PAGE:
Recently on our Facebook page (facebook.com/equine.architecture) we’ve shared some photos of horses swimming that have been very popular. Swimming, along with hydrotherapy and water treadmills, is rising in use for horses recovering from a variety of ailments and lamenesses. So what is swimming for horses all about?
Essentially, swimming allows a horse to regain (or maintain) condition without causing undue impact or pressure on the hooves, legs, or abdomen. This makes it an ideal exercise tool for horses who have undergone leg surgery, abdominal surgery, or who are recovering from laminitis. It’s also a useful way to build up strength and coordination in horses recovering from EPM, who may have suffered muscle atrophy during their illness, and horses suffering from neurological symptoms who might suffer a lack of balance during regular exercise.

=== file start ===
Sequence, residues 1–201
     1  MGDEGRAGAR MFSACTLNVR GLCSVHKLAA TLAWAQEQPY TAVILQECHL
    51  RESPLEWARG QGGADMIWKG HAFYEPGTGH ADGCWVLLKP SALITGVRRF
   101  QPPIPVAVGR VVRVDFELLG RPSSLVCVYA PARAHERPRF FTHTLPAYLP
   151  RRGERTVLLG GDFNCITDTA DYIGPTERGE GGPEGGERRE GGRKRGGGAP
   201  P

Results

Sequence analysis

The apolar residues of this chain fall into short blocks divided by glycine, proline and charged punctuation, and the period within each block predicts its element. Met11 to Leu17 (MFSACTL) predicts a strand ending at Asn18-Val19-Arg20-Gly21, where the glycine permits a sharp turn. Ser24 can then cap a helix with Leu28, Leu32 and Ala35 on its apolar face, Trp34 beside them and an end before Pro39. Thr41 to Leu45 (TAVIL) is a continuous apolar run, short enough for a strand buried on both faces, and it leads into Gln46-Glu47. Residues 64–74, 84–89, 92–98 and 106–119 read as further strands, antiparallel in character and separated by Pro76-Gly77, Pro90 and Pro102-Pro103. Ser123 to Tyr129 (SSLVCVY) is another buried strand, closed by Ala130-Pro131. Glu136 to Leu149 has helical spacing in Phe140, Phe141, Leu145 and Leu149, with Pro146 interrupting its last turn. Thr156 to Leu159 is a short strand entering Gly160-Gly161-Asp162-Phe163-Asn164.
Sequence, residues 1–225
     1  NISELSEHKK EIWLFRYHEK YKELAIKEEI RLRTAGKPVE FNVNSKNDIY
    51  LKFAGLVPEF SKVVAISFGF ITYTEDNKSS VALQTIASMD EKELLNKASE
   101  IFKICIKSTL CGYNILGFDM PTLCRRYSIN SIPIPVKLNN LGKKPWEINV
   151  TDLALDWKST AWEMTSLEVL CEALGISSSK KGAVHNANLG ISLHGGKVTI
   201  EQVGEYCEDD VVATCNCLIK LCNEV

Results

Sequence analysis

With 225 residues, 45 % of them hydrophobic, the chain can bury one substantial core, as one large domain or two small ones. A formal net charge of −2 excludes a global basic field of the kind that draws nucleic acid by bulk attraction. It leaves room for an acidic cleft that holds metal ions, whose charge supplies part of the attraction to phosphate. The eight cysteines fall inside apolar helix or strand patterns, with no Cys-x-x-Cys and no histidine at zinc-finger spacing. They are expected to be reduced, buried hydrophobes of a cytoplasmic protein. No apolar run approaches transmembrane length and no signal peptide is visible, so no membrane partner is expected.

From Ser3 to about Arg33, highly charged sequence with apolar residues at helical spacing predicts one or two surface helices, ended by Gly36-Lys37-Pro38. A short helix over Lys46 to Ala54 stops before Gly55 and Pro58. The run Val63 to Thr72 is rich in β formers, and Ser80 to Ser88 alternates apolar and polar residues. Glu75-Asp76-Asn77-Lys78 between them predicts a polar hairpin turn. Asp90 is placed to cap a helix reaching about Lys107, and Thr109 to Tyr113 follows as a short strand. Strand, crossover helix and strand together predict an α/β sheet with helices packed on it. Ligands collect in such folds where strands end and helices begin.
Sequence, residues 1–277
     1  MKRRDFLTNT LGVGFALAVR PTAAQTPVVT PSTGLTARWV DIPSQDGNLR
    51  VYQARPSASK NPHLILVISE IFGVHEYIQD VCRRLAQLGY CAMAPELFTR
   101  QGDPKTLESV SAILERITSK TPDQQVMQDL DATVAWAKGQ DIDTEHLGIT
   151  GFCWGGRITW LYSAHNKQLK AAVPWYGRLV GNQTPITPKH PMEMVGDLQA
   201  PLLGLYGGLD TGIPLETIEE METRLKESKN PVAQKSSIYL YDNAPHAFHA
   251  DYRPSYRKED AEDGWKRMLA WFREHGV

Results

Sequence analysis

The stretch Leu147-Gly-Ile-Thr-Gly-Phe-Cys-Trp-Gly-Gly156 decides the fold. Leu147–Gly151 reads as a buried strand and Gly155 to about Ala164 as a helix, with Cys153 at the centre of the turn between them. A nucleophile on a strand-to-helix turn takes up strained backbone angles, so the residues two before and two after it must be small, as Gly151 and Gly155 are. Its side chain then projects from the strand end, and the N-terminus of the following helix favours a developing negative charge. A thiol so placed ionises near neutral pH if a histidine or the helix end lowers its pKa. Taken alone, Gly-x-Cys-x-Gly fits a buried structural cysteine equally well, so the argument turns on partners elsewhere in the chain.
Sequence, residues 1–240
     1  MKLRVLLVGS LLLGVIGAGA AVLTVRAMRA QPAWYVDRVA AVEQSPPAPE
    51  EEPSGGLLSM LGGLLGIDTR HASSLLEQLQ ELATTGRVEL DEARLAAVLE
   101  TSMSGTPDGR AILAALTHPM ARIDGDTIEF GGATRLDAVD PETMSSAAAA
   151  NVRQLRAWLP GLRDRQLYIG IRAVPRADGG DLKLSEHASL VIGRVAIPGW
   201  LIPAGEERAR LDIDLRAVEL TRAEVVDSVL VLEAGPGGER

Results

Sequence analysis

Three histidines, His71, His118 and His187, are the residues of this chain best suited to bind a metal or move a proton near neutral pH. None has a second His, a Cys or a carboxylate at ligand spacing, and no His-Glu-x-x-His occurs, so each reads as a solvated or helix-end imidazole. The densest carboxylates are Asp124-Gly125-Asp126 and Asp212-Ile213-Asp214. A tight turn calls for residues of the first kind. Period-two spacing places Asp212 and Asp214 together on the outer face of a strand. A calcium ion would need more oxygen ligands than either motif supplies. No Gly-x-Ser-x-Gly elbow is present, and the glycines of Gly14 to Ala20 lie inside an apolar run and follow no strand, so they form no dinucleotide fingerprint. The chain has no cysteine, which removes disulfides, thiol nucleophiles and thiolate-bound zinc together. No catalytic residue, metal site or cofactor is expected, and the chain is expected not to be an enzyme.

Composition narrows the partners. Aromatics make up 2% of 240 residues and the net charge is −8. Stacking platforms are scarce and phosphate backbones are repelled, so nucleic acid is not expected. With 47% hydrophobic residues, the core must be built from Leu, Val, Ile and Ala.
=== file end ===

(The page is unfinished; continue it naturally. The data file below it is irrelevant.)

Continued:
Many equine rehab stables and large training centers are adding swimming facilities to their line-up of amenities. Some are opting for full-size swimming pools with a depth of about 14 feet; the horse swims along the perimeter while a handler walks along the edge. Others install a short trough with a flowing current — the horse is walked down into the pool and swims in place against the current, while one handler stands at the head and another at the tail to keep the horse from backing out.
If you are interested is something smaller than a pool, we have worked with the following companies and their products:
Swimming does have its drawbacks. Critics point to the posture of the spine in the swimming horse — neck raised, back hollowed, hindquarters kicking downwards. Too much swimming can lead to sore backs and stifles, to say nothing of building the wrong topline for most performance horses.
Despite this possibility, many horsemen are still integrating swimming into their conditioning and recovery routines. Like everything else, swimming, in moderation, can be a valuable tool in building up and maintaining a horse with minimum shock impact to their legs. If you’re thinking of swimming your horse, consult with your veterinarian to see how you can best incorporate this therapy into your horse’s life.